Home' QFF Publications : Lore Society No1 Dec 2016 Contents Popularity of people queuing at The Planting has raised issues of how
to manage The Treehouse at the Woodford Folk Festival.
Long queues up to 70 metres long at The Planting was a feature
causing some concerns.
“It isn’t the safety issues, although it really can be a physical
challenge for some older and less agile people, it’s the comfort levels of
people waiting a long time “ said Site Manager Richard Middleditch.
“Somehow we have to get people moving fairly quickly through. It’s
not a hang around space as much as we’d like it to be” he said.
The Treehouse was designed and built by Taiwanese artist Wen
Chi in partnership with Cave Urban from Sydney. It was the first of a
masterclass project at Woodfordia as part of The Planting programme.
The popularity of The Treehouse caught organisers by surprise.
“We heard people say it took them back to their childhood or the Swiss
Family Robinson movie” said Richard.
“Wen Chi and Nici Long from Cave Urban always deliver way above
expectations” said General Manager Amanda Jackes. “The Treehouse
will be around for at least three years and it won’t be overly difficult to
replace the bamboo after that if that’s what we want.” she said.
Organisers have looked at extending the Treehouse with walkways
through the trees at some stage in the future.
The search for a festival application for The Treehouse continues.
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Committee of Woodfordia
has adopted a new logo for
The logo drawn by
resident artist Gavin Ryan
represents a bunya tree,
endemic to the region, a
symbol of the Indigenous
festivals and connected
to Woodford township.
It features the Aboriginal
colours in its roots with
the black merging into
green to represent the
environment. The red
vein and the acacia gold
The boomerang shape
disconnected at the bottom
of the logo represents
Indigenous lore not able
to be accessed by all but
remains ever present.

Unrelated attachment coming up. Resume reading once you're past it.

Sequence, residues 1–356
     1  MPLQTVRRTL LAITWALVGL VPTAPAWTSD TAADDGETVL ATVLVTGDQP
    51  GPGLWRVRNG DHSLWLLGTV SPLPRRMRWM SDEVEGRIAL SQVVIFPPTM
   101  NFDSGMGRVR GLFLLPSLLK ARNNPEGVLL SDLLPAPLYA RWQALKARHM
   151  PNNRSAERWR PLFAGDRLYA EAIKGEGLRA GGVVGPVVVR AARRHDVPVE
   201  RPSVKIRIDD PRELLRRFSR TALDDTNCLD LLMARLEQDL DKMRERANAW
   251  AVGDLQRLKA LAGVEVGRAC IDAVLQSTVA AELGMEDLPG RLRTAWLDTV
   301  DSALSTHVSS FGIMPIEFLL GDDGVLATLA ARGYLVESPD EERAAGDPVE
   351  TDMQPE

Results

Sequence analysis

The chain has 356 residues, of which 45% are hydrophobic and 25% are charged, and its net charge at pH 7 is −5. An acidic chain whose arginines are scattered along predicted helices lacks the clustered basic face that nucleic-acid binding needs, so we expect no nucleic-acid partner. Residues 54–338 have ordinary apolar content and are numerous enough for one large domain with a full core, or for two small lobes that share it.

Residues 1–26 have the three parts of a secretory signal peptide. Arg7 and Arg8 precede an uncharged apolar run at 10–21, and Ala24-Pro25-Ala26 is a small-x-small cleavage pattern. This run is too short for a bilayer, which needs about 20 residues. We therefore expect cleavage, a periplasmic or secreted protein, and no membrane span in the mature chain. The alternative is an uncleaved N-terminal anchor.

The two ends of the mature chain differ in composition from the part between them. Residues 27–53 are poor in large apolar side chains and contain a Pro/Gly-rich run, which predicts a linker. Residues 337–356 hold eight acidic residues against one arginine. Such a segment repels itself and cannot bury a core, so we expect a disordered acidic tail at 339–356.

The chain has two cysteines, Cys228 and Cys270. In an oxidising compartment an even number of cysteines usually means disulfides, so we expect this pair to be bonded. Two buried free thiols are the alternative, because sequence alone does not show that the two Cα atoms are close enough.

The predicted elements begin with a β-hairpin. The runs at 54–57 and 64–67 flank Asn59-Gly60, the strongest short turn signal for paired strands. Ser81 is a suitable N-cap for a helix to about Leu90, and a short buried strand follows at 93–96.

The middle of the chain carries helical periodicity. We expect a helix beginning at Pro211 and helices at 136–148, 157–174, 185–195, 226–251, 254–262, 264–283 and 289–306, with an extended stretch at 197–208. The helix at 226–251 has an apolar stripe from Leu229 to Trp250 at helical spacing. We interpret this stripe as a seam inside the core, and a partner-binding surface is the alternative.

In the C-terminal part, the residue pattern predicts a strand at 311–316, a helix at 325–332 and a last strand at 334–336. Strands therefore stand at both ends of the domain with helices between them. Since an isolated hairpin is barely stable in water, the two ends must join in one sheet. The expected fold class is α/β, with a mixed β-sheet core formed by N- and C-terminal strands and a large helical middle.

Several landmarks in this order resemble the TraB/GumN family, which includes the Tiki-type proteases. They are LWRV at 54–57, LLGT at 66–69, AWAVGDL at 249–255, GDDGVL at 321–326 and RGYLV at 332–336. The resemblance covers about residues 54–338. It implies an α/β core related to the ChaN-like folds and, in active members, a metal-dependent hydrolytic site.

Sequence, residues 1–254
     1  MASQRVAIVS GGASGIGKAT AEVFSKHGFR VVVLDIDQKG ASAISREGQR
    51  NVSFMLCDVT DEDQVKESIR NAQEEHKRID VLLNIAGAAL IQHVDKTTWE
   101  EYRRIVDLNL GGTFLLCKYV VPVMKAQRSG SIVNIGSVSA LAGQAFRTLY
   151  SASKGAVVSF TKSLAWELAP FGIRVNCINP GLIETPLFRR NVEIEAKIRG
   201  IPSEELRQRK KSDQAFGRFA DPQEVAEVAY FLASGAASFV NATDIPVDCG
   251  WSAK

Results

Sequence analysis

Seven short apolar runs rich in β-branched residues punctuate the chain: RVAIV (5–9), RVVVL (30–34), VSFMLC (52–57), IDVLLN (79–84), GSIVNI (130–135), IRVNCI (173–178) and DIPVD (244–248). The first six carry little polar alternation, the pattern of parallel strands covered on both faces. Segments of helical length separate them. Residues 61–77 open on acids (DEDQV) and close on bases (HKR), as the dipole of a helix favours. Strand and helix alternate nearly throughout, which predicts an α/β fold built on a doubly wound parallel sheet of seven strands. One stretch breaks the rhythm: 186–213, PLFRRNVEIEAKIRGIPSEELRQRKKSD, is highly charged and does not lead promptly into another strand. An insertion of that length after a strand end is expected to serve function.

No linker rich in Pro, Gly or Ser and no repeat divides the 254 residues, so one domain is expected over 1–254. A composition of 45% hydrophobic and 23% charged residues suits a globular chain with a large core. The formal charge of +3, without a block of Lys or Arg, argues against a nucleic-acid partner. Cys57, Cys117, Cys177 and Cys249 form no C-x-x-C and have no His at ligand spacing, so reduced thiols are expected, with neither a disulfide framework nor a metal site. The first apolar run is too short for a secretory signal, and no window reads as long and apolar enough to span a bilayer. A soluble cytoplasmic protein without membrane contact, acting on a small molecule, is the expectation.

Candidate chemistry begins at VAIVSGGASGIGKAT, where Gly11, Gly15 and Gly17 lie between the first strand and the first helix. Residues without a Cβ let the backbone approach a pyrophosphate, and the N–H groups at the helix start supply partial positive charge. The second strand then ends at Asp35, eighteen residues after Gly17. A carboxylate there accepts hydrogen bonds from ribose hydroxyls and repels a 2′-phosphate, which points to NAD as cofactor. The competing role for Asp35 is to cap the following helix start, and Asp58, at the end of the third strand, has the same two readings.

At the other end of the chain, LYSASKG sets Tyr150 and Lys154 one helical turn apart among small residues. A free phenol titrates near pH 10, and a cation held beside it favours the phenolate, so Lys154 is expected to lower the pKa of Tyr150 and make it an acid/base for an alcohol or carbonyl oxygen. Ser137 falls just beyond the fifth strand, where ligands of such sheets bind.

Can you see the face
and notice the obvious bird
The logo will be trialled
for 12 months before
a motion will be put to
for permanent adoption.
Rose Broe, President
of Woodfordia said “All of
us on the Committee loved
this and we hope everyone
else will. It’s been a long
time in the making”.
By almost any measure, The Planting
festival has been a great success however
organisers are looking carefully at the
trends and feedback from patrons.
For some, The Planting is replacing the
Woodford Folk Festival (WFF) as an annual
Woodfordia experience. Organisers are
mindful that The Planting mustn’t become
a competitor to the bigger festival fearing
both a too rapid growth of numbers for The
Planting and a reduction in WFF attendance
because of it.
Because The Planting is basically a two
day three night experience, income earned
against the cost of infrastructure can only
ever be half that of WFF.
Feedback from some patrons indicate
they would prefer more music while others
wanted the opportunity to donate their
time to working on the site - a tradition
born from the Planting’s original purpose.
The ever growing enlarging workshop
programme is popular with 90% sold out
earlier this year.
Organisers envisage The Planting would
develop as a festival very differently than
WFF. That it would be driven by educational
workshops in arts, crafts and environment.
According to Planting Programme
Manager Mandi McIntyre, “We can’t deliver
another mini-Woodford - instead, we want
to build engagement for Woodfordians that
delivers an education ethos in environment and
“We imagine The Planting’s programme
to develop really exciting learning
experiences and because of the popularity
of our growing workshop programme,
Woodfordians can expect a larger number
of these in the future”. said Mandi.
As the festival grows, the music venues
would get larger rather than grow in
The Community tree-planting and
environmental contributions remain and
will be re-adjusted on the programme
reflecting the event’s wonderful history of
contribution to Woodfordia and to meet the
demands of so many people who want to
The Management Committee are aiming
that The Planting becomes a financial
contributor to Woodfordia rather than an
event sponsored by WFF patrons. It is
planned that the cost of tickets will increase
by 20% next year.
General Manager Amanda Jackes said
“unless The Planting becomes a profitable
event in it’s own right, it’s going to be difficult
to see it in our calender for the long term, such
is the nature of our dilemma”.
The Planting Puzzle
The introduction of new washable cups has long
been imagined at the Woodford Folk Festival.
The cups will replace at least 270,000 single
use plastic cups at the festival. They will be washed
on site with eco friendly detergents in sustainable
commercial grade dishwashers that use 60L water to
wash 5000 cups.
Organisers hope this innovation will encourage
patrons to think about single use items beyond the
festival and encourage patrons to use reusable cups
and reusable water
Patrons will be
able to keep a cup
as a memento.
All drinks at
the festival are
guaranteed to taste
New Cups Reduce Waste
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